Tamil Kings have recorded the grants they had made to Temple, Important events of their reign,their genealogy in Copperplates too, apart from Epigraphs in temples and other structures constructed by them. All Tamil Kings, Chera, Chola,Pandyas, Pallavas and others have recorded history thus.
One of the important Copperplates are found in Thiruvaalankaadu, Tamil Nadu. These Copperplates are named after the place and are called ‘ திருவாலங்காடு செப்பேடுகள் Thiruvaalankaadu Copperplates. These were by Rajendra Chola, son of Rajaraja Chola and they are from 10 Century AD.This Copperplate evidence traces the genealogy of Cholas from Ikshvaku ,who founded the Suryavansh to which Sri. Rama belongs This dynasty is also called Ikshvaku Dynasty.
Rajendra Chola, son of Rajaraja Chola.
The plate mentions King Perunarkilli, பெருநற்கிள்ளி, Chola Emperor. He performed Rajasuya Yaaga and was called as Perninarkkilli, who performed Rajasuya, ராஜசூய யாக வேட்ட பெருநற்கிள்ளி.The evidence also lists him as the first Tamil King of Kaliyuga.
Coming to the rulers of the Kali age, the first king mentioned is Perunatkilli who was born in this same family and was highly learned (v. 41). In his race was born Kalikala who renovated the town Kanchi with gold and established his fame by constructing flood-embankments for the river Kaveri. The poet explains the name Kalikala as ‘the god of Death (Kala)’ either to the Kali age or to the elephants (kari) of his enemies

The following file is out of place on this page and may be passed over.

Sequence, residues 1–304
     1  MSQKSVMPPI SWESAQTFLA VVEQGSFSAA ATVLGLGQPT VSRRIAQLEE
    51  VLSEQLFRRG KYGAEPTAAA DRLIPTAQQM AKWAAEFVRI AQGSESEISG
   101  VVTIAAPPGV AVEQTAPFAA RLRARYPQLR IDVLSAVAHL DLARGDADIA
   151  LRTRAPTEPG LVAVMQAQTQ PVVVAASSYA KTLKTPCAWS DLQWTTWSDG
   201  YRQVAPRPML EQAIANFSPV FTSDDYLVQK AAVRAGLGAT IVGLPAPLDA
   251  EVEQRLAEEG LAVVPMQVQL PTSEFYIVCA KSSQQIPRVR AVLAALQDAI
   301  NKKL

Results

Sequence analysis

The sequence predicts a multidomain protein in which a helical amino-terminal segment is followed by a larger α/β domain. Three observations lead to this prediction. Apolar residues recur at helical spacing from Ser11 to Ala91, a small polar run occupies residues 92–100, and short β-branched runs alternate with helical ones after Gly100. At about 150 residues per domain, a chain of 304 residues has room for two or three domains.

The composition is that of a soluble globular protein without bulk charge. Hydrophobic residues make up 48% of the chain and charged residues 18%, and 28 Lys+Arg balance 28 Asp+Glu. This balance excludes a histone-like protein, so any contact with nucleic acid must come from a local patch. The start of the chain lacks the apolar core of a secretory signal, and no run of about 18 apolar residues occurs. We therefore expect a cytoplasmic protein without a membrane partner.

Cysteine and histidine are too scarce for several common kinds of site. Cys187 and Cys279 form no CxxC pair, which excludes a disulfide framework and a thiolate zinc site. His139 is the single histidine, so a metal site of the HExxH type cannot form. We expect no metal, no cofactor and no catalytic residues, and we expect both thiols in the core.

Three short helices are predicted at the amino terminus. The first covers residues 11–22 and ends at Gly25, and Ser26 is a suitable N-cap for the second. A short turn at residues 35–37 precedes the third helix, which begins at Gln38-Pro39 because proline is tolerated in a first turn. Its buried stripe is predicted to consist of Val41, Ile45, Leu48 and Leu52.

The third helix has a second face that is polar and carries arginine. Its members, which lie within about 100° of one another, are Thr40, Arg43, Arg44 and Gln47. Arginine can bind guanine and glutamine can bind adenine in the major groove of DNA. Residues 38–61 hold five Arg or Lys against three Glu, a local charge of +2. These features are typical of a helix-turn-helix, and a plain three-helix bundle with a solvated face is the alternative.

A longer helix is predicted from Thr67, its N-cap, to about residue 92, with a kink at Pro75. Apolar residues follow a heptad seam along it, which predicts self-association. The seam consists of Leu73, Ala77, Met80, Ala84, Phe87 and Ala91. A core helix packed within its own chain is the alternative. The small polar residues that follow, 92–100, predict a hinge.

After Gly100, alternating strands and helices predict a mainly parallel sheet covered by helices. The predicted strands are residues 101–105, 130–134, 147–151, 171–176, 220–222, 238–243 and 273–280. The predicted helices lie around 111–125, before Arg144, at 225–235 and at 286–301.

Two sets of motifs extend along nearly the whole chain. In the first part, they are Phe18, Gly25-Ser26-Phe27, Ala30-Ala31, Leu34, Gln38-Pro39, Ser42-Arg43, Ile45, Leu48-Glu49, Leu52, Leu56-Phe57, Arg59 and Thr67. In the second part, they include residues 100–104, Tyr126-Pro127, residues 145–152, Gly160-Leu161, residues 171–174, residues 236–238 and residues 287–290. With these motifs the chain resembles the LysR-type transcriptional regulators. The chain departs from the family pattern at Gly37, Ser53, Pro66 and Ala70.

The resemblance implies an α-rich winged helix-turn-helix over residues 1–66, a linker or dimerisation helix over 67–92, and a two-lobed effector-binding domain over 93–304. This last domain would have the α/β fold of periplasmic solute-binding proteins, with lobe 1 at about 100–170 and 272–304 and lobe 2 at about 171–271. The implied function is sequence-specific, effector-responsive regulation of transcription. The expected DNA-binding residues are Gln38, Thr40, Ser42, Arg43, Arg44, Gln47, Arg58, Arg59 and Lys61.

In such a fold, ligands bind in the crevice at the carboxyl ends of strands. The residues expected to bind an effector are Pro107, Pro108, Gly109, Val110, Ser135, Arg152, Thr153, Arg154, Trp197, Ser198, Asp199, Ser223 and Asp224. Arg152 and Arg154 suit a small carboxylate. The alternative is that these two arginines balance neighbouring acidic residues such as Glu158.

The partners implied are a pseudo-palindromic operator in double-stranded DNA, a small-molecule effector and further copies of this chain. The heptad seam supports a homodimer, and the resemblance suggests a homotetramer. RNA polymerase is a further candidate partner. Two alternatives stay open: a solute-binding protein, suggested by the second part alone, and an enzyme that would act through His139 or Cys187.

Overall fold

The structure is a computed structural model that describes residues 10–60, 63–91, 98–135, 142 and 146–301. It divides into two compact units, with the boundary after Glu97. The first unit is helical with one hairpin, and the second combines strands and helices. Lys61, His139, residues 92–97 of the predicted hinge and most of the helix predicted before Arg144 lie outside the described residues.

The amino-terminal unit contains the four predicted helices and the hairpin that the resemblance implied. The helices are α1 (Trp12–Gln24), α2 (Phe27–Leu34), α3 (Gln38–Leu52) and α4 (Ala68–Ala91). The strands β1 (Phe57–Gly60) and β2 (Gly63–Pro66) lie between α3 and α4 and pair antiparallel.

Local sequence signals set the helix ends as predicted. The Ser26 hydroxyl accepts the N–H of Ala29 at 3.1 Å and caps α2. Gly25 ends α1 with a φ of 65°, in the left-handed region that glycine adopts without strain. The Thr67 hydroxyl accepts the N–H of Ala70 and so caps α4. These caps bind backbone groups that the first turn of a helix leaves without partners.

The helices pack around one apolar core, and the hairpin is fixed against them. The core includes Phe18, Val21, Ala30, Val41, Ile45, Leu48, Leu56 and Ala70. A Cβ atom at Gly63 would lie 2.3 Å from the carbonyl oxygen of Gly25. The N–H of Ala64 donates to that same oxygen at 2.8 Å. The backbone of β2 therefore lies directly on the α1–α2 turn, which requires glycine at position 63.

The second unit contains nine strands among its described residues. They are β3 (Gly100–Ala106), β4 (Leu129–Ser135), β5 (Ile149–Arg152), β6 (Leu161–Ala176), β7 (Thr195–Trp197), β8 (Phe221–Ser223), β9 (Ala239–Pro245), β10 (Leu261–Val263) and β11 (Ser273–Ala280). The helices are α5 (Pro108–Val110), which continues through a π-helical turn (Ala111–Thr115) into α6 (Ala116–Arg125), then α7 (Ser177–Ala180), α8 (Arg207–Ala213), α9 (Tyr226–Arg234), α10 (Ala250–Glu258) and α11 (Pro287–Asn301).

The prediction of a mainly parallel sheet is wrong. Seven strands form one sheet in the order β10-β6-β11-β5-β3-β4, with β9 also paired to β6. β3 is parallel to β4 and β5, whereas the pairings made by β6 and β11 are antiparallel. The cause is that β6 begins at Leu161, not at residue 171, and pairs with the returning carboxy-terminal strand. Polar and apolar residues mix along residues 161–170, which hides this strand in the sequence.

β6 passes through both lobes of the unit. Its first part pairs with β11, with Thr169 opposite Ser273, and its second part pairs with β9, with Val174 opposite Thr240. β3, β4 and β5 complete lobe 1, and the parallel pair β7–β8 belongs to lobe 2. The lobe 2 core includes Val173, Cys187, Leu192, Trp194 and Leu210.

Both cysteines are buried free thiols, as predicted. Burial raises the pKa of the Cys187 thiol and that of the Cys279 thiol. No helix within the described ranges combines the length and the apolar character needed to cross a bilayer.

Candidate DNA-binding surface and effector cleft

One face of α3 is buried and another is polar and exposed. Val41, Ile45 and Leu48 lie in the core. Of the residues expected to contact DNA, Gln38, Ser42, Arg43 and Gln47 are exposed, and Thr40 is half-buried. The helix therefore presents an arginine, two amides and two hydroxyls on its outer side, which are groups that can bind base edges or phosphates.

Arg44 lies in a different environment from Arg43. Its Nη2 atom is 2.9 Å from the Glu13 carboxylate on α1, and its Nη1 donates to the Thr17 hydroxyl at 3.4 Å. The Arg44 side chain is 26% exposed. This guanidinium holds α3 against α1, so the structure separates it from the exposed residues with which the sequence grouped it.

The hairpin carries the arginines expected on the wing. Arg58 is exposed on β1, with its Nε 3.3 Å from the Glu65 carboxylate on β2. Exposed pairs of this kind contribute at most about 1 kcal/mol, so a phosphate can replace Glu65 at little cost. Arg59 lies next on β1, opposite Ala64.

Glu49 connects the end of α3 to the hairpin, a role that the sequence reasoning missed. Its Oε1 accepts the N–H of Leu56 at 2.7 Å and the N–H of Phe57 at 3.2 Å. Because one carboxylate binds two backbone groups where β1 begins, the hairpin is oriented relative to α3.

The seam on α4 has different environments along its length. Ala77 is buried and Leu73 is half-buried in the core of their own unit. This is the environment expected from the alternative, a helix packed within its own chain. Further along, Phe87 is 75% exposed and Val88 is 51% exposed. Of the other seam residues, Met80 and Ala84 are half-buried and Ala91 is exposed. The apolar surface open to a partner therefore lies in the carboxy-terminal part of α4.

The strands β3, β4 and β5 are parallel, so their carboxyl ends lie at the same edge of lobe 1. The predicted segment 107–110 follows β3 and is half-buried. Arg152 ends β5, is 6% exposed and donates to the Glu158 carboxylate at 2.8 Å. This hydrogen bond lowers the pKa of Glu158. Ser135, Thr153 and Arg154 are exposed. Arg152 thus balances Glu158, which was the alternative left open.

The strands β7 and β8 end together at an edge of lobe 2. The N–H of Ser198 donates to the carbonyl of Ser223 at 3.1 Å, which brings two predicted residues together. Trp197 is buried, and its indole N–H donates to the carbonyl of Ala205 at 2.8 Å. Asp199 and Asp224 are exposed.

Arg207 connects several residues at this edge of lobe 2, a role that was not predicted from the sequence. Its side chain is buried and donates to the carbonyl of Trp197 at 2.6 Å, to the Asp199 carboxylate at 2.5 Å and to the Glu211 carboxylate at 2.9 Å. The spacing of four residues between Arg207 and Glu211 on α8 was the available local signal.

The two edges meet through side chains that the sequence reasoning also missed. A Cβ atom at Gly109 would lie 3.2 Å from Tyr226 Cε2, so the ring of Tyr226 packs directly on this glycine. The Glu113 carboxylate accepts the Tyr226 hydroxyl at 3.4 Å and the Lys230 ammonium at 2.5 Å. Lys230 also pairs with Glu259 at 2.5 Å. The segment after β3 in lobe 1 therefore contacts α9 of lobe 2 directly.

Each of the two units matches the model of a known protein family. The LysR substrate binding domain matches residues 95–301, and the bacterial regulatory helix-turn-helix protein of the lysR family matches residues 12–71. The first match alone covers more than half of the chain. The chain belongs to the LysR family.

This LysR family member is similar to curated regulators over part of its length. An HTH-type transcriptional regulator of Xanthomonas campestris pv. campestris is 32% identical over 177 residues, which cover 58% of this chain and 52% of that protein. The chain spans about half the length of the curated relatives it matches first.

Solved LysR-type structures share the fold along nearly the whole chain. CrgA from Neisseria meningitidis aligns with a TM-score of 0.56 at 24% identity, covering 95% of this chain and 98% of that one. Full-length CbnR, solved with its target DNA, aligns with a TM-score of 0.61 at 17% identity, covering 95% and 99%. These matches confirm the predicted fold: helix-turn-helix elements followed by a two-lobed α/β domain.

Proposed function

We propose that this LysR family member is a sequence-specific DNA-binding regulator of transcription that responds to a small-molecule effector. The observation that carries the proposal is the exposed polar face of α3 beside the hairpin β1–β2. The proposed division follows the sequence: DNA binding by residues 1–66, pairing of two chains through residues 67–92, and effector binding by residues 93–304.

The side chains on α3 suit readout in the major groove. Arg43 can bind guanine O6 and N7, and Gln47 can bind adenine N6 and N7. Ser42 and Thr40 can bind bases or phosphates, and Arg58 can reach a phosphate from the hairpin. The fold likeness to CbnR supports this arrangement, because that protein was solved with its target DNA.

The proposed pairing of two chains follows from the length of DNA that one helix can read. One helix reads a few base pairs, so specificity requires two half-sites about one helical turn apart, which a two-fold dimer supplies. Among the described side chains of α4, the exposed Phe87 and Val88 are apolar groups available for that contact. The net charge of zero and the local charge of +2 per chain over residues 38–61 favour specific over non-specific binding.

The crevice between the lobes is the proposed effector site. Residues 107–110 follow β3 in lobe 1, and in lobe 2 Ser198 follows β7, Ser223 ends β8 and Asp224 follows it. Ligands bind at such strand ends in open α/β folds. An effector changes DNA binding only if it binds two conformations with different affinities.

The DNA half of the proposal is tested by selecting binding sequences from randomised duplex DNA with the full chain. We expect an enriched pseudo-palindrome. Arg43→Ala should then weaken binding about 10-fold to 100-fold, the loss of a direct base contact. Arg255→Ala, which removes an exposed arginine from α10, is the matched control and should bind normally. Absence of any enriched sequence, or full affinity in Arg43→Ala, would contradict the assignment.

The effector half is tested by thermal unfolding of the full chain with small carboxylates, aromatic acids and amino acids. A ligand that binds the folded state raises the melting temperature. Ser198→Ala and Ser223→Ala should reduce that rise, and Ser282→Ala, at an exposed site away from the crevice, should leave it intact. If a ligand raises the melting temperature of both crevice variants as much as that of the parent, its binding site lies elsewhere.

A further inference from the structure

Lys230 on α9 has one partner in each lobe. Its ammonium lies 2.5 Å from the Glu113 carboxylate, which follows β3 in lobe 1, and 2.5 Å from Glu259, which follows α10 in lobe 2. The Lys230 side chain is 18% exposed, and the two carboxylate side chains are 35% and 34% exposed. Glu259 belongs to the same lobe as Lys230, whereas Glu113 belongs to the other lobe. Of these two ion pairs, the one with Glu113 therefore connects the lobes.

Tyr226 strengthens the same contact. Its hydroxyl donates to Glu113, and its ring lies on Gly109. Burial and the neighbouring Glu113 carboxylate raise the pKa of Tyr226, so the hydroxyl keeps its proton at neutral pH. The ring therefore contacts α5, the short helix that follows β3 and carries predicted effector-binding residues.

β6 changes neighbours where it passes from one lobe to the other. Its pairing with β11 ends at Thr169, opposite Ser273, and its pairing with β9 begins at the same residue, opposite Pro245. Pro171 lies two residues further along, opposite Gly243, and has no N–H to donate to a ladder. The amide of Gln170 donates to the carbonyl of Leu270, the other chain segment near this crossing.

South Indian inscriptions https://www.whatisindia.com/inscriptions/south_indian_inscriptions/volume_3/no_205_aditya_ii_karikala.html#_ftn12(v. 42).
Kaliyuga beginning date. It means that the existing Kali era is 5101 in 1999 AD, which comes to (5101 – 1999) 3102 BC.
Perninarkkilli. The Thiruvalangadu copperplates discovered in 1905 C.E. comprise one of the largest so far recovered and contains 31 copper sheets. The Thiruvalangadu plates contain text written in Sanskrit and Tamil. These two seem to have been written at least a decade apart. These plates record a grant made to the shrine of the goddess at Tiruvalangadu by Rajendra Chola I. The list of the legendary Chola kings forms the preamble to the Sanskrit portion of these plates. typical Chola copperplate inscription currently displayed at the Government Museum, Chennai’s, India, is dated c. 10th century C.E. It consists of five copper plates string in a copper ring, the ends of which area secured with a Chola seal bearing in relief, a seated tiger facing the right, two fish to the right of this. These three figures have a bow below, a parasol and two fly-whisks (Champaran) at the top and a lamp on each side. Around the margin engraved in Grantha characters, “This is the matchless edict of Kong Parakesarivarman, who reached justice to the kings of his realm”…
A portioned of this inscription is in Sanskrit and the rest is in Tamil.https://en.m.wikipedia.org/wiki/Tamil_copper-plate_inscriptions